Eye For Film >> Movies >> Shang-Chi And The Legend Of The Ten Rings (2021) Film Review
Shang-Chi And The Legend Of The Ten Rings
Reviewed by: Andrew Robertson
Early in the narration that opens Shang Chi is the phrase "He could have used them for good". As Marvel start to spread the wings of the cinematic universe away from the Avengers that core balance of the responsibilities (and temptations) of powers remain. Those powers are not just the fictional ones connected to the titular ten rings, however, but also the impacts of a multibillion commercial juggernaut.
In much the same way that there's a ninja flick hiding in Snake Eyes: G.I. Joe Origins the centre of Shang Chi is a wuxia picture. A very entertaining one too. The apparatus of Marvel is a much more welcoming structure, if only from familiarity. This extends to each film having a role in the evolution of that extended universe, though here it's slightly undercut by the UK cinematic release being preceded by the first big screen trailer for The Eternals. Knowing what's coming will usually undermine suspense.
Hanging out in the these films is easy though. There's a good comic tone, much of that on the central chemistry between Simu Liu (Shaun/Shang Chi) and his pal Katy (Awkwafina). They've worked together before in an episode of her TV show, but their rapport throughout is convincing. This helps as it's Shaun/Shang's relationships that drive the plot, though this does include a dead mother.
Director Destin Daniel Chretton has worked with some big names, and inevitably they've got Marvel connections. 2017's The Glass Castle had Woody Harrelson who appeared before cinematic screenings of Shang Chi in the trailer for Venom: Let There Be Carnage and also Brie (Captain Marvel) Larson. She was also in 2019's Just Mercy with Michael B Jordan (Killmonger and Johnny Storm). Chretton shares a writing credit with David Callaham whose previous adaptations include the 2005 Doom movie and the 2014 Godzilla, but it's probably the wise-cracking action of The Expendables that best represents the tone here. Frequent Chretton collaborator Andrew Lanham also pens, but as with any Marvel picture there's doubtless been other inputs.
Those include appearances from other parts, and not just in the first scene during the credits. Benedict Wong reprises his role from Doctor Strange, opening the door (or at least a sling ring portal) to the wider MCU. The organisation known as The Ten Rings has appeared before in the Iron Man titles, and the way the film chooses to integrate that is a treat.
Tony Leung is the leader of The Ten Rings, wielder of those mysterious artefacts that may have come from a meteor or a tomb. In a polyglot picture with large stretches of subtitled dialogue he's part of an excellent international cast. In addition to Michelle Yeoh it includes a début (of sorts) for Meng'er Zhang, a stage actress (and former TV singing contest participant) who answered a call for women who could speak both Mandarin and English.
There's a clear eye on the Chinese market. While a battle on a bus is sufficiently San Franciscan that it's live-streamed by a character played by TV's Zach Cherry, later set pieces are far more firmly in the Wuxia tradition. There's a sequence early on that reminded me of Hero, but there's plenty of wire work and an establishing shot of a skyscraper surrounding by scaffolding promises something that is then well delivered. The various fight choreographies across multiple styles are a delight. There are leaf swirling, Ten-Ring-triggered telekinetic thumpings, moments of comic combat that recall Jackie Chan. Many fights are cut around exchanges, almost equivalent to rallies in tennis, and that helps them connect, both emotionally and physically. There are also things that look like bowcasters in a battle that almost feels like the Gungans again, but I might have been primed to that by other Disney references.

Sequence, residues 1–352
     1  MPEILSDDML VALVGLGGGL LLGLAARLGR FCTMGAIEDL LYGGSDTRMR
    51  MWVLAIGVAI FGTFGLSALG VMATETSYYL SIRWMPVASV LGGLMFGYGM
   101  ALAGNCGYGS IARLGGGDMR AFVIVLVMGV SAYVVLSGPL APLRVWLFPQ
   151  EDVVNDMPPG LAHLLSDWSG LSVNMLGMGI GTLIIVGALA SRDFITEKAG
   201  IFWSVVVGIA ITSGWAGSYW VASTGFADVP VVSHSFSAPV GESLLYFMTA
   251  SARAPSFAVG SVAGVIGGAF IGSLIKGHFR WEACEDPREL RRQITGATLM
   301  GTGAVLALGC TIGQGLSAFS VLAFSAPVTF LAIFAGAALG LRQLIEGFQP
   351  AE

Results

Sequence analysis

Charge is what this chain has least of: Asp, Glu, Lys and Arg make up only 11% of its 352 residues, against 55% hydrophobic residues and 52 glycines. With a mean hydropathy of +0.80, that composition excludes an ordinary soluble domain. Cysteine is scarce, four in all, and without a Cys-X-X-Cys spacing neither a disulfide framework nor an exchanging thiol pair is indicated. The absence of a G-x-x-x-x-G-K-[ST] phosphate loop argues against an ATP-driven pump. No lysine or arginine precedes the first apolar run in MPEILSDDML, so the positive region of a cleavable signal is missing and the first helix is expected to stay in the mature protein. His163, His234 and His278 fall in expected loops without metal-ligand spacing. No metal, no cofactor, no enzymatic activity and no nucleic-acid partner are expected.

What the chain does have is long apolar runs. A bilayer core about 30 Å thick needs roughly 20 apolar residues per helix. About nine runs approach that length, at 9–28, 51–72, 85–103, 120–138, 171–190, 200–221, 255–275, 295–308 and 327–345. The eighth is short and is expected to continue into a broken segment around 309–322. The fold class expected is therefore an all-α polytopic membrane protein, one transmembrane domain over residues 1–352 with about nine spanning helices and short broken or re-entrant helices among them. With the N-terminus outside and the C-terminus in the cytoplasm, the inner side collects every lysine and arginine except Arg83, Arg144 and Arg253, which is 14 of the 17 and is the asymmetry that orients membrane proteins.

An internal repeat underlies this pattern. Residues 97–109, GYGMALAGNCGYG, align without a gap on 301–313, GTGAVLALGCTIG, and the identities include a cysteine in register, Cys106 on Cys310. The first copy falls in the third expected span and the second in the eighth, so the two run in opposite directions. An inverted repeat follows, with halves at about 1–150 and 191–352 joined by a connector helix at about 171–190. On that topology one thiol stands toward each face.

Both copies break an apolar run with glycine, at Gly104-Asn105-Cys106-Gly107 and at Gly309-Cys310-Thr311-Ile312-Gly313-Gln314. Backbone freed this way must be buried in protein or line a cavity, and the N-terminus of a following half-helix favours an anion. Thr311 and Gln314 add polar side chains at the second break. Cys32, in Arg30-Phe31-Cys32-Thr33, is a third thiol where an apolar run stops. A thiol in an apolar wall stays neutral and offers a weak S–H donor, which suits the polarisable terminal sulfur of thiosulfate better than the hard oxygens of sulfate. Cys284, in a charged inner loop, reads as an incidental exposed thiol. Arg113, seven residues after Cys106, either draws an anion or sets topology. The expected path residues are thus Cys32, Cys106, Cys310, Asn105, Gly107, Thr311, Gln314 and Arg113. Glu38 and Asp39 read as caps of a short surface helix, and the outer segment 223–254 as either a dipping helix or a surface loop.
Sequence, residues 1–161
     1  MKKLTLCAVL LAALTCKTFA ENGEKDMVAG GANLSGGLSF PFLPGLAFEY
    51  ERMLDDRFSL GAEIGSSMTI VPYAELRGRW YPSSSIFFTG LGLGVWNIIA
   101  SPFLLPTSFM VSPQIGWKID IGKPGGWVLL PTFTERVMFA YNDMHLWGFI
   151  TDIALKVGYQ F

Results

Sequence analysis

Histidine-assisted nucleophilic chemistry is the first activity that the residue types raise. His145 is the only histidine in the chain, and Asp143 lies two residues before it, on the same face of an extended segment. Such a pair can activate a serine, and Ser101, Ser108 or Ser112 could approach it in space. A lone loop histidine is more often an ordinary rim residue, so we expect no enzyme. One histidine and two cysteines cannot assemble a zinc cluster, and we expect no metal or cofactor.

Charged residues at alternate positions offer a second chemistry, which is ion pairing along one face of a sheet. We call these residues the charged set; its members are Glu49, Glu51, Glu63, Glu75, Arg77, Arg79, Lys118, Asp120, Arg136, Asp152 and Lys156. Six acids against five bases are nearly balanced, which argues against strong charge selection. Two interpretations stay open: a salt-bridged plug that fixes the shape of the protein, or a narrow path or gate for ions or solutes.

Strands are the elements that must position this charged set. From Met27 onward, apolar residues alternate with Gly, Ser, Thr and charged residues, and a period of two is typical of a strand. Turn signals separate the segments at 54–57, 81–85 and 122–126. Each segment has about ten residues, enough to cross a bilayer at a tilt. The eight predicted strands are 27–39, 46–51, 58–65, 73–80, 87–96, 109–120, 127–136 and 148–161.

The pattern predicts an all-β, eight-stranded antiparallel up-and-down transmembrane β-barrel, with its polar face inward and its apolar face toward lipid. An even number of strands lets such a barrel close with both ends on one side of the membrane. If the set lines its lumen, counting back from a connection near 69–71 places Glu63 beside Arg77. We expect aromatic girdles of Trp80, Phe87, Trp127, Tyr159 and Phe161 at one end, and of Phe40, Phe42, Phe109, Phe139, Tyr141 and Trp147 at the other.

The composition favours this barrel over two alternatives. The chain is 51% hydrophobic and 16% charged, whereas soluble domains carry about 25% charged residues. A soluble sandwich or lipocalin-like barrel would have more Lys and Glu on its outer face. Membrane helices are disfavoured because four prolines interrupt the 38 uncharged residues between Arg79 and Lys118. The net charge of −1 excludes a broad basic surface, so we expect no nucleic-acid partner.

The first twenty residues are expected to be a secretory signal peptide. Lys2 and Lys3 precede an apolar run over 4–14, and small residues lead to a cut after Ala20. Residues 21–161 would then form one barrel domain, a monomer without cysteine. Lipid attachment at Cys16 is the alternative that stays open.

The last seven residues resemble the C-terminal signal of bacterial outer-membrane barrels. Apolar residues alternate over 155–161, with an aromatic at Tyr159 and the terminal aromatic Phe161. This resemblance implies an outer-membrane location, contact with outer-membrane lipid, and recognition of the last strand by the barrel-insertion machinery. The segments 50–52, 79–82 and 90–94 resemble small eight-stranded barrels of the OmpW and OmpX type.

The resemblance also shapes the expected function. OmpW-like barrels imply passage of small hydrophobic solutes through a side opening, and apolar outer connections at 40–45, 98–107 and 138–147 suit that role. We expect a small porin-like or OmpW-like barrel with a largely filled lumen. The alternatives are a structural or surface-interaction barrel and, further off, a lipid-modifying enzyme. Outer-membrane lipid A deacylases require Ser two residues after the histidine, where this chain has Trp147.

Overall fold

Established patterns for Marvel mass battles where moments of melee cut to character confrontations and plot paths are present. The action is pretty clear throughout, though the transitions between the choreographed and the computer-aided are usually only apparent because people can't actually do some of the things we see. Nor, probably, could dragons, but needs must.
The references to wider Marvel are numerous, from the snap/blip to cameos from a variety of characters. There's a song from Aladdin, an expository frieze of sculpted wood, dragon scale armour and a ludicrous electric BMW. It has been established that the Bond films exist as media within the MCU and elements of the Macau fight recall the one in Skyfall. Shang Chi also suggests that Armageddon exists (or at least its soundtrack) so we will have to see what minor characters nod to that in future.
The Marvel-ness extends past the language choices to visual ones. Not for the first time, climactic battles appear to be between the forces of teal and the forces of orange. Though seen in 2D, one does wonder when and where 3D was going to be sprinkled in, and some scenes are physically dark. There are a couple of moments where the style seems less wuxia than kaiju, and while the film is often tonally light many scenes are relatively dark, if not wet and muddy.
At over two hours it could have dragged, but it's so often personable and so frequently amusing that it whips by. Its willingness to pass the baton of comic relief between characters (and creatures) keeps it light, but the evolution of its interlocking revenge plots keeps it compelling. There are points where it does get a bit hero's journey, when Campbell was talking about monomyth I don't think he realised Disney would treat it as an acquisition strategy. It's something only really picked up in retrospect, however, at the time audiences are carried along with aplomb. We're told at the very end that The Ten Rings will return, and that will be a call worth picking up.Reviewed on: 09 Sep 2021